Migration, not conquest, drove the Anglo-Saxon takeover of England | Science


In the eighth century CE, an English monk named Bede wrote the history of the island, claiming that Rome’s decline around 400 CE paved the way for an invasion from the east. The Angle, Saxon, and Jute tribes of what is now northwestern Germany and southern Denmark “came to the island, and they began to increase so much that they became terrible to the natives”.

But by the end of the 20th century, many archaeologists suspected Bede, writing centuries later, of having exaggerated the scale of the invasion. Instead, they envisioned a small migration of a warrior elite, who imposed their imported culture on the existing population. Now, an extensive genomic studypublished this week in Nature, suggests that Bede may have been at least partially right. New DNA samples from 494 people who died in England between 400 and 900 CE show that they derive more than three-quarters of their ancestry from northern Europe.

The findings address a long-standing debate over whether past cultural shifts signal the arrival of new people or a largely unchanged population adopting new technologies or beliefs. With the Anglo-Saxons, the data strongly points to migration, says Cambridge University archaeologist Catherine Hills, who was not involved in the research. The new data suggests “significant movement in the British Isles…bringing us back to a fairly traditional picture of what is happening”.

When 19th-century archaeologists began digging up Anglo-Saxon houses and burials, their finds seemed to confirm the broad outlines of Bede’s story. Around 450 CE in western England pottery, tools and Roman-style architecture declined; jewelry, swords, and houses began to resemble those found along the North Sea coast in what is now Germany and the Netherlands. Some styles evolved into spectacular forms in the new country, such as the helmets and weapons found at Sutton Hoo in the east of England.

“You can’t deny there’s been a big shift in material culture – Roman Britain is very different from the Anglo-Saxon period 200 years later,” Hills says. Despite this, “most archaeologists have criticized the idea of ​​migration”, dismissing it as an overly simplistic explanation of cultural change.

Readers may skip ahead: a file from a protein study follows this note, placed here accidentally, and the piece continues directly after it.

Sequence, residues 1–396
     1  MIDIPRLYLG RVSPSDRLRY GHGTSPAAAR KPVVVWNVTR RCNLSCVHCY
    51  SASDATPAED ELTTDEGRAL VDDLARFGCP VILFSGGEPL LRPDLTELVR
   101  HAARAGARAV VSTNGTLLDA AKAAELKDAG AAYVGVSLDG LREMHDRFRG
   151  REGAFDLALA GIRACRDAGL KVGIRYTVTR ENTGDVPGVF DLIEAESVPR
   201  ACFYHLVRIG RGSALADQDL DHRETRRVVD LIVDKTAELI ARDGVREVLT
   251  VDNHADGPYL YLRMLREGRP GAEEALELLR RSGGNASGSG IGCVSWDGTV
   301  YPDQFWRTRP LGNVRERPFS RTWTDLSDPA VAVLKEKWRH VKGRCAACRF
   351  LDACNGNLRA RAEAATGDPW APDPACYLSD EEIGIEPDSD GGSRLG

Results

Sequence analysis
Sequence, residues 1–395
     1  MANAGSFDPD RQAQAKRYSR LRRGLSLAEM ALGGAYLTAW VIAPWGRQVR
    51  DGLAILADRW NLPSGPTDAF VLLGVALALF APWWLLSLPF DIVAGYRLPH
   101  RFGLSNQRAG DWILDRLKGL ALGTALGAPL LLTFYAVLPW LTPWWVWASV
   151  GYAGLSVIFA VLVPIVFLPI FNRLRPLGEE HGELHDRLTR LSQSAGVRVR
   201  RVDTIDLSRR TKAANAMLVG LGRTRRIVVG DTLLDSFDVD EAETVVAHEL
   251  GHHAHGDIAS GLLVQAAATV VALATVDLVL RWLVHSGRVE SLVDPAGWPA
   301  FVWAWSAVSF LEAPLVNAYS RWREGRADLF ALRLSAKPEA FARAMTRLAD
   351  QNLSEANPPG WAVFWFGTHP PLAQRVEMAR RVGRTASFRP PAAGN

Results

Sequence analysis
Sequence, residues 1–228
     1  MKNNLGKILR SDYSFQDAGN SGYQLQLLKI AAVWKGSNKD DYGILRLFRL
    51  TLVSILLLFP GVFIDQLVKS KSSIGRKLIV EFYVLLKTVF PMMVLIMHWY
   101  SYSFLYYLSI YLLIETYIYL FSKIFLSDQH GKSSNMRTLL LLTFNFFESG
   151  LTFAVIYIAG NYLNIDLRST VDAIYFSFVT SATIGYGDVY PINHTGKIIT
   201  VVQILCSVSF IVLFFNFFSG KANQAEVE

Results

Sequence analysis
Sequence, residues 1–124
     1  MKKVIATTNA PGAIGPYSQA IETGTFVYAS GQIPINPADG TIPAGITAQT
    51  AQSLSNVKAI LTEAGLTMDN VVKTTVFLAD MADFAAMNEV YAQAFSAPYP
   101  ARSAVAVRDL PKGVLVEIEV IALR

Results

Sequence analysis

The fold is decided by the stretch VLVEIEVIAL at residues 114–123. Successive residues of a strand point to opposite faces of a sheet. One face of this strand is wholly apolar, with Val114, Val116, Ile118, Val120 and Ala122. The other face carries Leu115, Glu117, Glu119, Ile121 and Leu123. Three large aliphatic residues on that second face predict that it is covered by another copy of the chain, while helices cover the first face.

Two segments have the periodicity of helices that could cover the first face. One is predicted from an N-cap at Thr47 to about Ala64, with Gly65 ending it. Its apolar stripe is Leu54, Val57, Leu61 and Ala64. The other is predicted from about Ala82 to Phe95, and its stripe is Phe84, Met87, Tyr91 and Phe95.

But the new DNA analysis revives him. Along with previously published DNA, samples from more than 20 cemeteries along the east coast of England suggest a rapid, large-scale migration from northern Europe, beginning no later than 450 CE. “Some Anglo-Saxon sites look almost 100% like continental Europe,” says co-author Joscha Gretzinger, a geneticist at the Max Planck Institute for Evolutionary Anthropology. “The only explanation is a large number of people coming from the North Sea area.”

A woman buried with jewelry and a whole cow had mostly local DNA, suggesting that immigration and status were unrelated to Anglo-Saxon times.Duncan Sayer

The displacement of the population led to enormous cultural changes, some of which reverberate today. “There was a relatively dramatic period of language change,” says Helena Hamerow, an archaeologist from the University of Oxford. The Celtic languages ​​and Latin soon gave way to Old English, a Germanic language that shares vocabulary with German and Dutch. “This suggests a significant number of Germanic speakers in the lowlands of Britain,” says Hamerow.

The Vikings who crossed the North Sea a few centuries later left fewer traces, representing around 6% of the genes of modern English people, compared to between 30% and 40% for the Anglo-Saxons.

That’s not to say Bede is entirely right, either. The tombs do not tell a clear story of armed conquest. Even people with little continental DNA were buried in Anglo-Saxon fashion, suggesting that they voluntarily adopted the new culture. And DNA shows both immigrant women and men, a finding supported by the results of other researchers.

The team also found that many individuals had a mixture of continental European and eastern British DNA, suggesting that intermarriage and integration went on for centuries. A high-ranking woman in her 20s with mixed ancestry has been laid to rest near modern Cambridge under a prominent mound with silver jewelry, amber beads and a whole cow. Such evidence suggests more complexity than mere conquest, says co-author Duncan Sayer, an archaeologist at the University of Central Lancashire. “We’re millions of miles away from a hypothetical invasion – it’s not a bunch of guys getting in boats with guns and taking over territory,” he says.

Family relationships within the cemeteries also indicate massive immigration. At one site, three generations of people with all the Northern European DNA were buried next to each other. “I suspect there are families, or even small villages, getting up and moving,” says Sayer, in line with evidence in northern Germany of the sudden end of settlements in the fifth or sixth century AD. time. Researchers have proposed climate change and pressure from other groups caused people to migrate and that the end of Roman control opened up new opportunities in England.

Traces of British and West Irish ancestry among those buried on the Continent also suggest reverse migration, with descendants of migrants returning after generations to Britain. The results undermined the idea of ​​Britain as an isolated island, only occasionally disrupted by invasions. “In fact, the North Sea was a highway, where people came and went,” says Hills. “Perhaps mobility is a more normal human state than we realize.”


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